HARRISBURG – The Superior Court on March 1 upheld a
trial court order granting summary judgment in a case in which the plaintiffs
routinely missed court-set procedural deadlines, resulting in the court’s
decision not to recognize an expert report that may have proved their case.
Plaintiffs Sandra Krzan and Frank J. Topolski Jr.,
administrators of the estates of Caroline and Frank Topolski, sued Keystone
Propane Services Inc. and Kenneth Pringle after an explosion and subsequent
fire resulted in the deaths of Caroline and Frank Topolski.
Specifically, the plaintiffs allege that the explosion
and fire were caused by propane gas that leaked into their basement through a
service line attached to a propane tank provided by Keystone Propane Services.
In addition, the administrators claim Pringle was at fault
because he “negligently disconnected the gas line and left it uncapped” when he
installed a hot water heater in the Topolskis' home eight months before the
The lawsuit brought claims of negligence, wrongful death,
survival and negligent infliction of emotional distress against Keystone and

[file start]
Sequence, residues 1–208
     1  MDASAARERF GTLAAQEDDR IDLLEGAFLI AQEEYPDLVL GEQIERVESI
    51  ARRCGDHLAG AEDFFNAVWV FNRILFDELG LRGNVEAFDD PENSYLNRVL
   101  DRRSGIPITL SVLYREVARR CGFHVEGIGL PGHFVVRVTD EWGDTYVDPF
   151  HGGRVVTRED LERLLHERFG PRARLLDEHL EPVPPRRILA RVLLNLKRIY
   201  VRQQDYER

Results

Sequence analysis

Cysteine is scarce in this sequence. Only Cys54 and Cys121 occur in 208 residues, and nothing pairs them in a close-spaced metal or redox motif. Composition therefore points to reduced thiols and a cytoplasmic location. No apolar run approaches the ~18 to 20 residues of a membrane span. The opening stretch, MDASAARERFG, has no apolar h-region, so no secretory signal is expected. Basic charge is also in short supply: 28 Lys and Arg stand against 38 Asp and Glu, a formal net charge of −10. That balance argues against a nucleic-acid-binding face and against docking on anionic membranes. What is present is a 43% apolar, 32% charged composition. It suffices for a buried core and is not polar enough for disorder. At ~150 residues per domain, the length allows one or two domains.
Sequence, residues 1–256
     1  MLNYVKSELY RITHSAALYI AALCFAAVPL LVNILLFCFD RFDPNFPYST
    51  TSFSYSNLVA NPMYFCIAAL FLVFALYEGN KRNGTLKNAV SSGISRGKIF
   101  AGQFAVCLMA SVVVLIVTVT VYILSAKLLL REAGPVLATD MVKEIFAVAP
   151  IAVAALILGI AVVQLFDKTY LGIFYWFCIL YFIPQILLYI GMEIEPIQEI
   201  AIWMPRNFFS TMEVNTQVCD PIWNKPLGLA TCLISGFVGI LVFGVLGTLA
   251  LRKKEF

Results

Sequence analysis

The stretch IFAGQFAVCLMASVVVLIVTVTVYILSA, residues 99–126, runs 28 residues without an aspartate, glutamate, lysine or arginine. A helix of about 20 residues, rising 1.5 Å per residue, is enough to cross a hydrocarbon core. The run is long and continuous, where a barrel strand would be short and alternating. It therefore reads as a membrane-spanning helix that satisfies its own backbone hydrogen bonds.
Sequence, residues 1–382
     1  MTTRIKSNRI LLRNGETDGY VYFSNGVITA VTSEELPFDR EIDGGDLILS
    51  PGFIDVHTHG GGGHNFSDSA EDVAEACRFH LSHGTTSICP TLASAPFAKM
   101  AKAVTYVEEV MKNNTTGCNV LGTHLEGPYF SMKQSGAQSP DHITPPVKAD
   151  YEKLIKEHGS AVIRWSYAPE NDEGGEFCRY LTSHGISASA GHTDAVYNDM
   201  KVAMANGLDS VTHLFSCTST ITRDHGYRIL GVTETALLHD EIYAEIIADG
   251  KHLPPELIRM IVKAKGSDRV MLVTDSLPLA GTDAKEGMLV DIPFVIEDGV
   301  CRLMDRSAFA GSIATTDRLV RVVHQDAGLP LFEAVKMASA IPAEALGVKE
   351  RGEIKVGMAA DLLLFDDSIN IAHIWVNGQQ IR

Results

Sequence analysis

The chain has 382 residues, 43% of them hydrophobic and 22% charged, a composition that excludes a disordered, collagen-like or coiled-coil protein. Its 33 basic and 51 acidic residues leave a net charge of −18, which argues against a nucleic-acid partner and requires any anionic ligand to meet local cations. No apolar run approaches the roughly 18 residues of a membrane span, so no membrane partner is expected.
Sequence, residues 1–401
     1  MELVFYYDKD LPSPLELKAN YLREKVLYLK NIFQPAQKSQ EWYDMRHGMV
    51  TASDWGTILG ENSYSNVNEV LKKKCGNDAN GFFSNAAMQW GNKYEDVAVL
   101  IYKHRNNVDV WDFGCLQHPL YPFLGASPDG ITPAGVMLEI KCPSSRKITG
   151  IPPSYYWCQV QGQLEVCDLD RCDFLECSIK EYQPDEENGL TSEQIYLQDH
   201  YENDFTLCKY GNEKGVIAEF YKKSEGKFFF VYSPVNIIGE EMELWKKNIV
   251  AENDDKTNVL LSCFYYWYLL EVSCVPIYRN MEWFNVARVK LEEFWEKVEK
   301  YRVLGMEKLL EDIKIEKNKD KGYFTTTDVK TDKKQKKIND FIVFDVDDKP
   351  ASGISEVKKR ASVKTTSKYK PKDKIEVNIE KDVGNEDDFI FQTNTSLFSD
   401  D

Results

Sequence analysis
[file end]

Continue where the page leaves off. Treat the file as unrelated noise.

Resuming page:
After a change in counsel and obtaining three continuances,
the Superior Court said the administrators missed their expert report filing
deadline by four months. As a result, Keystone and Pringle asked the trial
court to grant their motions for summary judgment based on the fact that the
administrators had not presented expert testimony proving their case.
The administrators did not file their responses to the
summary judgment motions by the deadlines set by the court, and the summary
judgment motions were granted.
As part of the past-due response to the summary judgment
motion filed by Pringle, the administrators filed an unsigned expert report in
which “the expert opined that the explosion was caused by Pringle’s failure to
properly secure the gas line when he installed the hot water heater,” according
to the Superior Court ruling.
No response was ever filed to Keystone’s motion for summary
"Although the trial court’s decision to ignore the unsigned expert report
essentially guaranteed that Pringle would succeed on his motion for
summary judgment, Administrators’ own errors sowed the seeds of that
decision," the Superior Court wrote.
"Throughout the course of this matter, and on appeal,
Administrators have failed to ensure that this case proceeded expeditiously
through the system. As such, the trial court did not abuse its discretion in
omitting Administrators’ unsigned expert report from consideration."